En EspaŅol

Q. Who is Mr. Smarty Plants?

A: There are those who suspect Wildflower Center volunteers are the culpable and capable culprits. Yet, others think staff members play some, albeit small, role. You can torture us with your plant questions, but we will never reveal the Green Guru's secret identity.

Help us grow by giving to the Plant Database Fund or by becoming a member

Did you know you can access the Native Plant Information Network with your web-enabled smartphone?

Share

Ask Mr. Smarty Plants

Ask Mr. Smarty Plants is a free service provided by the staff and volunteers at the Lady Bird Johnson Wildflower Center.

Search Smarty Plants
    
 
See a list of all Smarty Plants questions
Can't find the answer in our existing FAQs, submit a question to Mr. Smarty Plants.
Need help with plant identification, visit the plant identification page.
 
rate this answer
1 rating

Friday - July 25, 2008

From: Berlin, NH
Region: Northeast
Topic: Soils, Edible Plants, Shrubs
Title: Failure of highbush blueberry plant to produce in New Hampshire
Answered by: Barbara Medford

QUESTION:

One of my highbush blueberry plants completely stopped producing. What can I do to revive it?

ANSWER:

Vaccinium corymbosum (highbush blueberry) is native to New Hampshire and most cultivated blueberries are varieties or hybrids of the highbush blueberry. They are accustomed to wet to dry acid, rocky soils, and are extremely susceptible to chlorosis due to alkalinity in the soil.

Proper fertilizing of blueberries can be a little tricky. They evolved with shallow roots in low-nutrient acidic environments, and roots are easily burned by fertilizer. Yet, to get good fruit production demands fertilizer in late winter or early spring and again in late spring. One recommendation is for slow-release acid fertilizers such as those for rhododendrons and evergrees. Avoid concentrated fertilizers near the blueberries, and do not fertilize later than June. Another possibility is to use shredded hardwood bark or composted bark to mulch and shelter the roots from the cold and also to continue to add acidity to the soil, without disturbing the shallow roots for fertilizers.

Some of the stresses on blueberries that can cause reduction in production are insufficient sun, insufficient water or poor soil drainage. Young bushes need minimal trimming. Fruit is produced on second-year wood, so excessive pruning should be avoided. Most cultivars require cross-pollination with another cultivar. They are pollinated by bees, so avoid insecticides to encourage the natural bee population.

That's about all we could find that might be affecting the production of your highbush blueberry. Compare the conditions in which they are growing in your New Hampshire garden (approx. Zone 5a) and see what is wrong that you can fix.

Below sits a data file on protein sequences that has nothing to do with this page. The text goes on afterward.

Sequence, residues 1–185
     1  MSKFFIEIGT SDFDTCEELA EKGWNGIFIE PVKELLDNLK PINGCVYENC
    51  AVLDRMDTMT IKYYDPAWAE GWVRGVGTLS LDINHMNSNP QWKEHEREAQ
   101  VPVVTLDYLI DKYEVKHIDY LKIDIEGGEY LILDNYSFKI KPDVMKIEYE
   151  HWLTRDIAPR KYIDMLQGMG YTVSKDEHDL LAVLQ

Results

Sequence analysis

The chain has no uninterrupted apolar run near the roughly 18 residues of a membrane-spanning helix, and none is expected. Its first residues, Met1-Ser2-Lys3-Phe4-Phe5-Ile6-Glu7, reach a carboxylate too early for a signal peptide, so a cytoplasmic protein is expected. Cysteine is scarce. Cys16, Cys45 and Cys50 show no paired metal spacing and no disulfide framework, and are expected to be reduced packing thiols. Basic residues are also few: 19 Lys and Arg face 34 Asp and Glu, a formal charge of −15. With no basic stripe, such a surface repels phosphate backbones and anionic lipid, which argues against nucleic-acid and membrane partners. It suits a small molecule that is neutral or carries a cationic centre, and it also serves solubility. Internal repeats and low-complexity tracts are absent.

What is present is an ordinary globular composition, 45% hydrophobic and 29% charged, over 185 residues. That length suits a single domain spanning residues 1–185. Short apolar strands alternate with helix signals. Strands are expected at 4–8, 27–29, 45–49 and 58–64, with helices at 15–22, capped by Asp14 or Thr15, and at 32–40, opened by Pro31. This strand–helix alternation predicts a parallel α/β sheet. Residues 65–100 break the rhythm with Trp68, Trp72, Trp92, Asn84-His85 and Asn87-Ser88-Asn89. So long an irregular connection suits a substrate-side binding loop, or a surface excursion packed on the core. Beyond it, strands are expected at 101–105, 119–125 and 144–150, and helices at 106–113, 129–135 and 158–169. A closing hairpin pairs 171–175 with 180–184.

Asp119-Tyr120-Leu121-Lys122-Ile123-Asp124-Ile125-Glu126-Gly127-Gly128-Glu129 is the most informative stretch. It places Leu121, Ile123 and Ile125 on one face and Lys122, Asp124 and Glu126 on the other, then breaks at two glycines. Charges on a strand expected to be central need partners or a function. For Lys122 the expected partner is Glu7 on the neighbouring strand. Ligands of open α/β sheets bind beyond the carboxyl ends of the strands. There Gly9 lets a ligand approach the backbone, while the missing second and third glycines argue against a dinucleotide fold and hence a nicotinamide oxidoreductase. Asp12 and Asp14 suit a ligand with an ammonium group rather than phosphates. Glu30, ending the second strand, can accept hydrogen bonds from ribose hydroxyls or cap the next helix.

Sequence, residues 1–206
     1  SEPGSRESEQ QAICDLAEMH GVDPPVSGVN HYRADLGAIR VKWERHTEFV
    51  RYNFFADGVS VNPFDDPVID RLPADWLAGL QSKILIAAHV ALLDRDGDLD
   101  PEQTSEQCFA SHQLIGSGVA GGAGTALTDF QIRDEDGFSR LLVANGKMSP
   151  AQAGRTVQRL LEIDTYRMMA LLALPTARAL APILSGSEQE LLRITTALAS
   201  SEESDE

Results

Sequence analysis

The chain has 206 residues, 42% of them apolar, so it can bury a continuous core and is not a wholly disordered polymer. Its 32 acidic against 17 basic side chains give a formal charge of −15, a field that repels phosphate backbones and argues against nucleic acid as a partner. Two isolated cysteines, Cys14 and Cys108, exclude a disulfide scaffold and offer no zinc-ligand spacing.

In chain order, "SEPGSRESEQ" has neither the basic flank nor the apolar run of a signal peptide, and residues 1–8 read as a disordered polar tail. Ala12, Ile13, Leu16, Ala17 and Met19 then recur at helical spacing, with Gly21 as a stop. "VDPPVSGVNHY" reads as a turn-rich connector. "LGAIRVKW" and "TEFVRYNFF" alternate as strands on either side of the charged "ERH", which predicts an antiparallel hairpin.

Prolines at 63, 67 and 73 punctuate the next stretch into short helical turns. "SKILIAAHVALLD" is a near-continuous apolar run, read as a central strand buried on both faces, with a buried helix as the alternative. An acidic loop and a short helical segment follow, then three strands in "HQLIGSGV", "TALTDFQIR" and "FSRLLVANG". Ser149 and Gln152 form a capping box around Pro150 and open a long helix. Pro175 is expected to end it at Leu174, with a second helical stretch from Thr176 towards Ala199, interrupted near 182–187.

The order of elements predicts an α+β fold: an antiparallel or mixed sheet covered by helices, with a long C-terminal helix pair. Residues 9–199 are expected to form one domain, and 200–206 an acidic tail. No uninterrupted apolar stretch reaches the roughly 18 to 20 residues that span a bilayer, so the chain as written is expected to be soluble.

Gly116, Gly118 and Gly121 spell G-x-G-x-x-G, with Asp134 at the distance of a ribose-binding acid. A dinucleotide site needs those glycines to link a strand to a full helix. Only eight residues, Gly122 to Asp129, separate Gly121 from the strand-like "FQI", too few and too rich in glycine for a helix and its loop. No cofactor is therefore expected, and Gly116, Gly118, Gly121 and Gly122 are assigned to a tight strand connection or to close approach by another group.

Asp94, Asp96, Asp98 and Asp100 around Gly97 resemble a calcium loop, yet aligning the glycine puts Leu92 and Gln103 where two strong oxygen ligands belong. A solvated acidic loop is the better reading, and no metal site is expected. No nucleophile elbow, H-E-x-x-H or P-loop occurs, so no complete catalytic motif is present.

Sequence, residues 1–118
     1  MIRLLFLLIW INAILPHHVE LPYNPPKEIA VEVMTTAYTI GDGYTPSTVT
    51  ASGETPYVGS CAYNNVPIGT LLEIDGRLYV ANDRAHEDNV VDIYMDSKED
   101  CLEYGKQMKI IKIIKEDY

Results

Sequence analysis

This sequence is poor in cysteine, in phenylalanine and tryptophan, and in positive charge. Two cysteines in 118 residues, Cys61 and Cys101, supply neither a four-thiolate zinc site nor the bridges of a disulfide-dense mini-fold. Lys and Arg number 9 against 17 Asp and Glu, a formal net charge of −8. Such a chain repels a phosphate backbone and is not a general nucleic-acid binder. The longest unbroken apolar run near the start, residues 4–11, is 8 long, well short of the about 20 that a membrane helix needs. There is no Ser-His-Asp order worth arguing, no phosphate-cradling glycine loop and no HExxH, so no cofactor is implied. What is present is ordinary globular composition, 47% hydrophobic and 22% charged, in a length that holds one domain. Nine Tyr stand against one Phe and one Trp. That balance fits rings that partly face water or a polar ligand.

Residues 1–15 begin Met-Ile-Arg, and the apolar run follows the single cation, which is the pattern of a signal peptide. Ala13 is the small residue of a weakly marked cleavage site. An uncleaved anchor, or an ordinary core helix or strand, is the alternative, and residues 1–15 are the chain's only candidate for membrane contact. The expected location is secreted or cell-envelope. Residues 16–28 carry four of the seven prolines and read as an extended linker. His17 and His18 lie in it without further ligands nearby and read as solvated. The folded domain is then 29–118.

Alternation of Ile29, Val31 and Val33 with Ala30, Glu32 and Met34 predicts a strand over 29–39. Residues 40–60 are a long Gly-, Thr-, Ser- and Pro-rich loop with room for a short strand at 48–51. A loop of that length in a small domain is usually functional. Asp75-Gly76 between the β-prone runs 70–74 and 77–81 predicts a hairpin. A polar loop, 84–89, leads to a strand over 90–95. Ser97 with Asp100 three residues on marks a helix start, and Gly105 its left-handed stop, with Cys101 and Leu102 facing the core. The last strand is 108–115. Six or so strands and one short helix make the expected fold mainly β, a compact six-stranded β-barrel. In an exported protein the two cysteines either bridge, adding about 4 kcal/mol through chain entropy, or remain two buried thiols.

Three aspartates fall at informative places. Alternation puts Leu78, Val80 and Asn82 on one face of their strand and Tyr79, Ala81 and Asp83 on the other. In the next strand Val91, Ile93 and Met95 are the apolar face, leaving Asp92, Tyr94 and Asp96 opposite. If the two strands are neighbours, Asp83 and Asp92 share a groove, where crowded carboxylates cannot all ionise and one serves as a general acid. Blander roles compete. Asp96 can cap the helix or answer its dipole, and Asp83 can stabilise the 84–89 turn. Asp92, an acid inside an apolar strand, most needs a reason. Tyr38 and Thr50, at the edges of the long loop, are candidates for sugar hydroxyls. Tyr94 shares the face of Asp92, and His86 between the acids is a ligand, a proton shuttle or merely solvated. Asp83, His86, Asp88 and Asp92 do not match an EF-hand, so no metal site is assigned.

Vaccinium corymbosum

Vaccinium corymbosum

Vaccinium corymbosum

Vaccinium corymbosum

 

 

 

 

 

More Shrubs Questions

Native trees and shrubs for Austin
June 11, 2008 - Hello, I'm searching for a small or medium-sized endemic or native tree (or tree-like shrub) to feature in the front yard of my South Austin bungalow. I want something that provides dappled shade so...
view the full question and answer

Problems with non-native Eugenia in Scottsdale AZ
June 02, 2012 - I have 5 eugenia topiaries in my courtyard in pots..I notice as the days here in Phoenix get hotter and dry (as usual) they are starting to look bad, even though they are under a shelter out of the di...
view the full question and answer

Small area native plant gardening for an apartment
November 14, 2008 - Mr.Smarty, We live in an apartment and are fortunate to have a small area, 5'x5', and so want color! Here in Houston the winters don't freeze much and the summers are HOT. Luckily, we are in the ...
view the full question and answer

Non-native dwarf palm leaves yellowing in Katy TX
March 30, 2013 - 1 month ago we planted dwarf palms, the leaves are turning yellow, does this mean we are over watering them? If so how much water do they require? Is there anything we can give them? We also have a fa...
view the full question and answer

What's attacking my Nellie Stevens Holly plants in Iredell, TX?
June 27, 2011 - I just bought 10 Nellie R. Stevens holly bushes and planted them as a screen. The leaves on some of the plants are at least half white - not yellow but white. Apparently they were like that when I b...
view the full question and answer

Smarty Plants's Facebook profile Support the Wildflower Center by Donating Online or Becoming a Member today.

Mr. Smarty Plants wants you to be his Facebook friend. Click the Facebook icon to add yourself to Mr. Smarty Plants list of friends.
E-NEWSLETTER | BECOME A MEMBER | DONATE NOW | MEDIA | SITEMAP
© 2014 Lady Bird Johnson Wildflower Center